God's love shines through the eyes of a child
July 20, 2009
by Rev. Matthew Sipe, Delano United Methodist Church

Have you ever met someone who does not like children? Maybe you can think of a grouchy, old curmudgeon of a neighbor, growing up. Certainly there are none of those people in Delano!

I am reminded of the movie, “The Sand Lot.” It is a story about a group of young boys who gather to play baseball on hot summer days.

Near the park where they play lives a grumpy man with a beast for a dog. One day, as they’re playing, one of the boys hits the ball into this man’s yard. After a chase by the dog, they end up confronting the old man and befriending him (and his dog). They get their baseball back and make a new friend in the process.

I am reminded how this story breaks down the perceptions people often have toward each other. Both the old man and the young boys become friends through a chance encounter. It is in this story that I see how God’s love shines through the walls we put up.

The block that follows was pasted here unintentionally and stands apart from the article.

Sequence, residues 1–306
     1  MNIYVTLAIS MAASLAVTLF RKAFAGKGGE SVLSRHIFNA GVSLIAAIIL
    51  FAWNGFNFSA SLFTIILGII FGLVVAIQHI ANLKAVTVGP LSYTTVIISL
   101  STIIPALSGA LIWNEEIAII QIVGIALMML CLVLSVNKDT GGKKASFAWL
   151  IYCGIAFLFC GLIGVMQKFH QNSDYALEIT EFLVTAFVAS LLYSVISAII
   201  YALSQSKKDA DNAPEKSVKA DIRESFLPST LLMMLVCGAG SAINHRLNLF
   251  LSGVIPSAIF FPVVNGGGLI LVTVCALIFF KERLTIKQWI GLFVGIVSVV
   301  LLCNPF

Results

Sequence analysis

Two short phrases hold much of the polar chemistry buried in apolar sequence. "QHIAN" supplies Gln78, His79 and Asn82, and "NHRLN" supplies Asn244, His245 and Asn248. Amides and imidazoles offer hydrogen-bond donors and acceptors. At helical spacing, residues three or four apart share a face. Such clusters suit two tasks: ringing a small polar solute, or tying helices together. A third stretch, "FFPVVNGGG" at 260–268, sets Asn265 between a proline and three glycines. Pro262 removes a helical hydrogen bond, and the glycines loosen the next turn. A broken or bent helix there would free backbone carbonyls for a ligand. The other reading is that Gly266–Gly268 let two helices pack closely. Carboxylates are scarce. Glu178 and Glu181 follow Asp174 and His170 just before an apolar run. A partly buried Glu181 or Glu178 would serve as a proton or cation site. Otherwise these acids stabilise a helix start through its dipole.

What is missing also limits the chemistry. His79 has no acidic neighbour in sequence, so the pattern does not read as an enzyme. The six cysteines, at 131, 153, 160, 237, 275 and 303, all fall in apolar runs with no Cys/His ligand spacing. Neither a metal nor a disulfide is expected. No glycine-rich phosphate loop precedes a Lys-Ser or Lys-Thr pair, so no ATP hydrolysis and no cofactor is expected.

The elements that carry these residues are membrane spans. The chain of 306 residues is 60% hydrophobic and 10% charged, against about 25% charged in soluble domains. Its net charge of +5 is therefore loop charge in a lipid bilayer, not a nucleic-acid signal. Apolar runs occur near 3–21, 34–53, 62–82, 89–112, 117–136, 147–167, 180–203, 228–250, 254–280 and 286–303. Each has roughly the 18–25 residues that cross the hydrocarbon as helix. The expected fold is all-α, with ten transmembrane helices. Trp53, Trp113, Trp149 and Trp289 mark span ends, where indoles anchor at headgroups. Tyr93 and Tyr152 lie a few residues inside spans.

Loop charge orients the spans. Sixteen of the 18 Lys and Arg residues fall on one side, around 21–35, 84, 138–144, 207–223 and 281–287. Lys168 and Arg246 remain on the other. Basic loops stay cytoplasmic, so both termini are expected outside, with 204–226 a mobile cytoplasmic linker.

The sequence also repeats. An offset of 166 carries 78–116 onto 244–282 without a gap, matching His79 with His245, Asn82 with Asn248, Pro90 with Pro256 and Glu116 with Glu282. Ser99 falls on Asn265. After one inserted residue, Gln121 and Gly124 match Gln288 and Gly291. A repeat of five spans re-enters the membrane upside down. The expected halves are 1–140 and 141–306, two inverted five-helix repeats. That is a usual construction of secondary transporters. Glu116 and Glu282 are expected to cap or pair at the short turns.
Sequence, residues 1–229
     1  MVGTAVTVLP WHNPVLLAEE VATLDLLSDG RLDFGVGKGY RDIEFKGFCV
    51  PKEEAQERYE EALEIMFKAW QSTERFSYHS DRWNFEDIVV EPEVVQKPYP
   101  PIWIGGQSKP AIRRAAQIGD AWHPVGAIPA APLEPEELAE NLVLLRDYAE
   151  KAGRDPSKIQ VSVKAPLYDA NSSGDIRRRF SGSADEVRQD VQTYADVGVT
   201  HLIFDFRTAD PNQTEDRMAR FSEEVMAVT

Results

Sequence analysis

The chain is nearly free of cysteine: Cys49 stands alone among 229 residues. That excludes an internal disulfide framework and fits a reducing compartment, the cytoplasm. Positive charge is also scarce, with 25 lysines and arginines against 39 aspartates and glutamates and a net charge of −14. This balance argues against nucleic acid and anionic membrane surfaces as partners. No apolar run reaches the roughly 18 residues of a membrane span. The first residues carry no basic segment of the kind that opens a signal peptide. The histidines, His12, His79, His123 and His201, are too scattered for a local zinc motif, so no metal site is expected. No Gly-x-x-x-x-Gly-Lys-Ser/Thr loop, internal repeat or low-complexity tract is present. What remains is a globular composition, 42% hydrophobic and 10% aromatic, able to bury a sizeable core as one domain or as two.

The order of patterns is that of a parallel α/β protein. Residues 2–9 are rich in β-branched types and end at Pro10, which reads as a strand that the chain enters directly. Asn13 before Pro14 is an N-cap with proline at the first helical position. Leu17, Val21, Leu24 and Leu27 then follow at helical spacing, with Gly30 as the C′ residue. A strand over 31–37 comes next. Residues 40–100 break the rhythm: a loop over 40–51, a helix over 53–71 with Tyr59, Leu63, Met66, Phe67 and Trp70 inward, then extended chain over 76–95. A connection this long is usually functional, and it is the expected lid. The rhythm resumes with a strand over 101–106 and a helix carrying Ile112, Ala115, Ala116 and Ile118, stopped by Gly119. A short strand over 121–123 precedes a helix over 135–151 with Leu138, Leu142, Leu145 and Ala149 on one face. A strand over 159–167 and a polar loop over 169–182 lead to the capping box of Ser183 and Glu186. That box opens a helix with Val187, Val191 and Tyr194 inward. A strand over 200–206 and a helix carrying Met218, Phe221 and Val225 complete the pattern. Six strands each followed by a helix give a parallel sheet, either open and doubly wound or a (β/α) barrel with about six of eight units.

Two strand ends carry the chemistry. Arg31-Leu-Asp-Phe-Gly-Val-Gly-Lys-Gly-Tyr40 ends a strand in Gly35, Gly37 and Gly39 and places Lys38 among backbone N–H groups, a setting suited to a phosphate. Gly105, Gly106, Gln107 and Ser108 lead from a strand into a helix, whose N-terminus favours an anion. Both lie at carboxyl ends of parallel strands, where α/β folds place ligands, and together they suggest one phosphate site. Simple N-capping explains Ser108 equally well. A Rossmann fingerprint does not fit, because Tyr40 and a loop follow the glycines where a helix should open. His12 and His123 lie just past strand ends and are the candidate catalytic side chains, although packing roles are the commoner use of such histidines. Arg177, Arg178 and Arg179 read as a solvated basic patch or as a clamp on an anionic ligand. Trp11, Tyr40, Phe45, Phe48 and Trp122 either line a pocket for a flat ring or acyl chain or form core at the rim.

There is innocence to the way children laugh, play, and love, and it is probably why Jesus told us “whoever becomes humble like [a] child is the greatest in the kingdom of heaven.” (Matthew 18:4)

A child’s zest for life invigorates our lives and we share in that when we are surrounded by children. It is why sentimental childhood stories, like “The Sand Lot” can speak to a deeper level.

As I watched my daughter innocently play in a splash pool this past week, she became so excited by the simplest things. A jet of water would squirt into the air and she would run over to me, babbling and pointing with great excitement.

I watched other parents and their children at play, and there was one thing in common around that pool – everyone was smiling. Kids were laughing, giggling, and splashing as parents and grandparents smiled and encouraged their young ones.

There were some parents who paused for a moment of discipline, but even in those moments, the joy and love was still present. The excitement was contagious, and it illustrated how much adults have to learn from the enthusiasm of the young.